Western presents what is essentially a political book without a political tone. The data speak for themselves, and it is very difficult to think that, after all the work put into this, that he incorrectly attributes so little of the decrease in crime trends to the prison boom (and the absurdity of the cost/benefit for its effect on the decrease). It does seem, however, that he echoes the racial claims of Loic Wacquant in the final chapter, but that's only for a brief moment.

Western also excellently argues and shows off the immense disconnect between crime rates and corrections policy; although only a portion of one chapter, this is a significant point to make. If our policies do not reflect what criminals are actually doing, well, why are we doing it?

My only concern with this book involves Western's "all or nothing" approach to showing the economic/social cost of the prison boom. His analyses show the wage gap, parental gap, and other penalties suffered during and after release by prisoners. He astutely points out the selection bias in unemployment and wage estimates in minority populations due to leaving out the far-more-likely-to-be-incarcerated blacks.
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14 of 14 people found the following review helpful
5.0 out of 5 stars A Prison Employee December 8, 2007
This is a book the policy makers and students and everyone in-between would be well served by reading. It can be a little repetitive at times, but the author makes his points well. One of the strengths of this book is that through painstaking but necessary detail in the analysis, the author shows how incarceration damages the lives of those already affected by inequality. Most authors draw correlations, but Western has been able to detail how it is not just the characteristics of those who go to prison that are responsible for recidivism, but that the process of being in prison actually exacerbates the already existing problems in social and human capital that offenders have. I would have liked the author say more about being discerning with crime policy and who should go to prison. There are some people who belong in prison, but this fact seems to be lost in the amount of evidence that is detailed in this book. This however, does not take away from the quality of the book.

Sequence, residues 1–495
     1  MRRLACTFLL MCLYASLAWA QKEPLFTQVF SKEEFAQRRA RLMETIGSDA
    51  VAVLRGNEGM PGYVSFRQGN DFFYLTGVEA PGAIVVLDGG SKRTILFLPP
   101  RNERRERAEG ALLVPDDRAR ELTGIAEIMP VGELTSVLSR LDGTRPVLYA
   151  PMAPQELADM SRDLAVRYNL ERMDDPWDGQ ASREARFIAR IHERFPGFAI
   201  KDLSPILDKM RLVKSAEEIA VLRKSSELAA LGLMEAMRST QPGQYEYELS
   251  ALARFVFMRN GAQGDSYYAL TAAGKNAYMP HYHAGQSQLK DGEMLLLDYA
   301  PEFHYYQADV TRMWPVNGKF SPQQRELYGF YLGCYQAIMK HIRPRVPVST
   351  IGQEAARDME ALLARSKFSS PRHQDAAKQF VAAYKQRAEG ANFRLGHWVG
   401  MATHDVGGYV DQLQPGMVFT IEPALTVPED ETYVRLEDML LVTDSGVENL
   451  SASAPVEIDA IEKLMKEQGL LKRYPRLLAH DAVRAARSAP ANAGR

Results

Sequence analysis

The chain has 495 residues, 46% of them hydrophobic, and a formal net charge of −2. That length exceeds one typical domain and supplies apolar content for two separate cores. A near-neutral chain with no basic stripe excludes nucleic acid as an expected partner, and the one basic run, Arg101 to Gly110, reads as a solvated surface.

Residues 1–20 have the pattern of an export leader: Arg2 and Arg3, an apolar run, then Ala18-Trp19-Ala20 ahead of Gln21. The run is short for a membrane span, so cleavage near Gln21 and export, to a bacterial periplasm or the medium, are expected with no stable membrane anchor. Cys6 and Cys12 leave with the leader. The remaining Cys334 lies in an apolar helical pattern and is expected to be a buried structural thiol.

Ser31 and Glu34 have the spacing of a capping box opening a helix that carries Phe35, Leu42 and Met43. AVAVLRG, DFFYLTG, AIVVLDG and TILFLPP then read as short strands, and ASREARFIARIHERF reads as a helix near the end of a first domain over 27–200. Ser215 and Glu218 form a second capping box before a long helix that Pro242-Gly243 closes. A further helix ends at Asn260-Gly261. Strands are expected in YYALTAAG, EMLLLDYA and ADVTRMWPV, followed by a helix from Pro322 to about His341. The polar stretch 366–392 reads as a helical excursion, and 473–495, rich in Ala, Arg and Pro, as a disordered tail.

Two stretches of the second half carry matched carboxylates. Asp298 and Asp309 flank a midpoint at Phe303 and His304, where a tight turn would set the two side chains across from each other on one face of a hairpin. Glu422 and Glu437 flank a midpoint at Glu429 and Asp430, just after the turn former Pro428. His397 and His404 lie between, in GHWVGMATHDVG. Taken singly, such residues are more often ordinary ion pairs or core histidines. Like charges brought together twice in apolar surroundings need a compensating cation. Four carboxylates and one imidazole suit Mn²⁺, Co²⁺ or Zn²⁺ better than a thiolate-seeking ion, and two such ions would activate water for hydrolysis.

The author also does a very nice job in explaining the relationship between the crime drop in the 1990s and the increase in incarceration - increased incarceration is not related to a decrease in crime. The author explains how a 66% increase in incarceration was associated with only a 2- to 5% decrease in crime, at a cost of over $50 billion clearly making the point that incarceration is not an effective means of reducing crime.

My only complaint is that the author does attack Republicans a bit much early on in his book which I believe to be counterproductive. If the author would like Republicans (those who he claims make the worst crime polices) to implement better crime policy, than he should not scare them off but rather, make them think the ideas he is espousing are their own. Just an idea.

Good book, read it.
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4 of 4 people found the following review helpful
5.0 out of 5 stars Bruce Western December 16, 2008
Millions of individuals are being incarcerated at higher rates than ever before. When compared to other developed democracies, the United States is the leader in sending it's populace to jail. In Bruce Western's Punishment and Inequality in America, he manages to shed light on just how serious the effects of mass incarceration are on our society. Throughout his book Western provides quantitative data to support his notion that mass incarceration exacerbates inequality within the United States.